First, you will receive access to our community hub.
Our community hub is the home of the entire community.
It is where you will go to connect with members, stay in-the-know about upcoming events, engage with community-specific content, and find the best resources to help you build your online audience.
I know that was a lot, so let’s go through that one-by-one.
From the home page, you can access a full list of the group members. You can sort it by type of content (blog, podcast, newsletter, etc.) and click to find out more and access each person’s work.
Each new member will fill out an intake survey. By filling this out, you will be able to spread your work to every other coach who joined the group, a key component to what we’re doing.
At the start of this community, we will have one group Zoom call per month. Each Zoom call will be made up of two parts: a presentation and Q&A time.
For the first 6-9 months, I will give a medium-length (15-30 minute) presentation on a relevant topic of interest to the group. Themes will include explaining my creative process, showing how to set up your own website, email list best practices, and more.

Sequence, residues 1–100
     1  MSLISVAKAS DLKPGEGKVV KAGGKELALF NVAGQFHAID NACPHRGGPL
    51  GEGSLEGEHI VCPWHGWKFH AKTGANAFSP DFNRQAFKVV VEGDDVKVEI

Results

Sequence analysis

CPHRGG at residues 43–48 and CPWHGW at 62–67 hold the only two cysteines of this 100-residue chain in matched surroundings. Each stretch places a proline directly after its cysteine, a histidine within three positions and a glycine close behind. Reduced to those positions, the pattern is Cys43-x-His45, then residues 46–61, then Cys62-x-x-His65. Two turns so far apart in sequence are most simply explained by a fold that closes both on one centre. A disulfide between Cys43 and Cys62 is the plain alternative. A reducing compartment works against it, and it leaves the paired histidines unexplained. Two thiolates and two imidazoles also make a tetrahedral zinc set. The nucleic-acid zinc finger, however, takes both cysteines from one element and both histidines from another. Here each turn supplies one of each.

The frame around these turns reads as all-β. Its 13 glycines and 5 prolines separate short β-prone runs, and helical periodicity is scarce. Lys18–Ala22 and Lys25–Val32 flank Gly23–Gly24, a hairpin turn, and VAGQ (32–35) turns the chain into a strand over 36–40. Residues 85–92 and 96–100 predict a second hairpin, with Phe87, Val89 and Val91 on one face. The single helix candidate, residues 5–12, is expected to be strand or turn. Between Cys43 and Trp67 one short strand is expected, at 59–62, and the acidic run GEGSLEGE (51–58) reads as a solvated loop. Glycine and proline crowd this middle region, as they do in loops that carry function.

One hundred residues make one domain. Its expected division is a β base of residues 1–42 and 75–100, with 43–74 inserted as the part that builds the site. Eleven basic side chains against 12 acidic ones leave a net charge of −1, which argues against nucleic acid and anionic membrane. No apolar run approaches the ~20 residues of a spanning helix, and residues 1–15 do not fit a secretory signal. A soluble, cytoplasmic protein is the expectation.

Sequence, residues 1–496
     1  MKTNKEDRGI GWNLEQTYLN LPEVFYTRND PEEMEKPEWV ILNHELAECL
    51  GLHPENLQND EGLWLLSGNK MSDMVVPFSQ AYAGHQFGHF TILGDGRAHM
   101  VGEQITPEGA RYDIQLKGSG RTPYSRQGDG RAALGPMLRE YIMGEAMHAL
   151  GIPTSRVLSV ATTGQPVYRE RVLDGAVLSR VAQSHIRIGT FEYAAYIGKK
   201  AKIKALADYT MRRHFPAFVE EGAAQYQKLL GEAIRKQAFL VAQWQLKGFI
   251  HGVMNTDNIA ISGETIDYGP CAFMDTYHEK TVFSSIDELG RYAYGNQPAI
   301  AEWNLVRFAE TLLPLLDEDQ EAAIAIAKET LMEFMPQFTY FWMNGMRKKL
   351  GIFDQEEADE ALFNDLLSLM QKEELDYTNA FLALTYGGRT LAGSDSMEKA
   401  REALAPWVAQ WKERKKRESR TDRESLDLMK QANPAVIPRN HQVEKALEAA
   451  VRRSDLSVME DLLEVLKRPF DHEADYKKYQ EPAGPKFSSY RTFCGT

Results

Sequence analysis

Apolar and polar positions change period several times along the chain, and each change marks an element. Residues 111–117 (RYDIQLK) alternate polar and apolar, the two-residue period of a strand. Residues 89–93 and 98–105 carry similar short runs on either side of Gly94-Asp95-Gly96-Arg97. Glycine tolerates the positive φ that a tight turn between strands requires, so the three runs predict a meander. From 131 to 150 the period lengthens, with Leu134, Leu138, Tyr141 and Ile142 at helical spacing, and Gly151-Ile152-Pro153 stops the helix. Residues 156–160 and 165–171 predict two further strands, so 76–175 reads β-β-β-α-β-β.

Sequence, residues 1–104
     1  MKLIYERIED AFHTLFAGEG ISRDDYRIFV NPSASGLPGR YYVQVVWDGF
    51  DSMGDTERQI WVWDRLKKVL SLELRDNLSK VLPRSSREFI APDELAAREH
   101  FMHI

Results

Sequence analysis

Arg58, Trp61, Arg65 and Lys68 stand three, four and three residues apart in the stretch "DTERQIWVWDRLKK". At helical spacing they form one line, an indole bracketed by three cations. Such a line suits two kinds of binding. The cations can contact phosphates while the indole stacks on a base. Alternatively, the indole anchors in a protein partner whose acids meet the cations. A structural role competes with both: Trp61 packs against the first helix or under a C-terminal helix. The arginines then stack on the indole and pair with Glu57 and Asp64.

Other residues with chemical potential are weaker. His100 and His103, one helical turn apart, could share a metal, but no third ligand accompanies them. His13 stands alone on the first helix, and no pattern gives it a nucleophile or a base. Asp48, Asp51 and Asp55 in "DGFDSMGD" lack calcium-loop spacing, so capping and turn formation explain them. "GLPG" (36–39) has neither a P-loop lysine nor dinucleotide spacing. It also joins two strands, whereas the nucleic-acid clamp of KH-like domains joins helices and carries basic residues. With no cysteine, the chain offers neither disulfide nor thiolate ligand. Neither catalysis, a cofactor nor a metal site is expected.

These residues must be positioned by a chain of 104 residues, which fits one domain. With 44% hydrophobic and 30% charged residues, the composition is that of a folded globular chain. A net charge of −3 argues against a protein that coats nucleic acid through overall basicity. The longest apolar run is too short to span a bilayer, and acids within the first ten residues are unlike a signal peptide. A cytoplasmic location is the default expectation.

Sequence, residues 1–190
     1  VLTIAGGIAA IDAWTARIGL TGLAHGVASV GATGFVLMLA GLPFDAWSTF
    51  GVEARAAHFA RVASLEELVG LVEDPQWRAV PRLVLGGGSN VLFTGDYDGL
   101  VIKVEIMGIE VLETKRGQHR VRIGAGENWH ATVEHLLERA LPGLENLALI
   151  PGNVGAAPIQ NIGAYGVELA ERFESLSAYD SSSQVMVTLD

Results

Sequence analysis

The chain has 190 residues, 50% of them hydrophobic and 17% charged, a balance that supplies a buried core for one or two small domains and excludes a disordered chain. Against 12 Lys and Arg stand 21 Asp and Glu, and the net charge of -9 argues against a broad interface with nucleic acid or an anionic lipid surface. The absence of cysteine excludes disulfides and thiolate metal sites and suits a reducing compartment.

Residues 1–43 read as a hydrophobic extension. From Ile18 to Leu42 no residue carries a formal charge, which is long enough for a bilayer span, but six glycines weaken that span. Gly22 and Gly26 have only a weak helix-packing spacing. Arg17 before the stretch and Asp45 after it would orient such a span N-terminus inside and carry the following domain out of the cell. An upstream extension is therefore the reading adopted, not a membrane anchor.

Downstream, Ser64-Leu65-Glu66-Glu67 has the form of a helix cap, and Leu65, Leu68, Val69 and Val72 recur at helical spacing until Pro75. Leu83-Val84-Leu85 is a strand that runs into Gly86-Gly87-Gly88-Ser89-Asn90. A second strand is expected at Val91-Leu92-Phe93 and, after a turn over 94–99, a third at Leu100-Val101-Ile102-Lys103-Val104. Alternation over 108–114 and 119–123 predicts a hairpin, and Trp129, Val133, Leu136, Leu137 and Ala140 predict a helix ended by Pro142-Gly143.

These calls will be hosted on the 4th Thursday of the month (except for November). But if you can’t make it, don’t sweat. Each call will be recorded and uploaded to an unlisted YouTube link that will be shared with the community.
This leads us into the third thing community members will get, community-specific content.
As I just mentioned, each month’s video call will be recorded and posted on the video call archive page.
But the content won’t stop there.
As things come up and we realize there’s a need in the community, we will create additional content to better serve the community’s needs. This content will then be placed into a central location on our community hub for you to access whenever you need it.
This will include articles, books, podcast episodes, videos, and anything else that we’ve gone through and found helpful in building an online audience. At launch, there will be over 30 resources for you to go through, sorted by category. We will add to this as we encounter content that is relevant and high quality.
Community Slack Channel
The second main thing you will get when you sign up for the MME Online Community is access to a private Slack channel with all of the other members.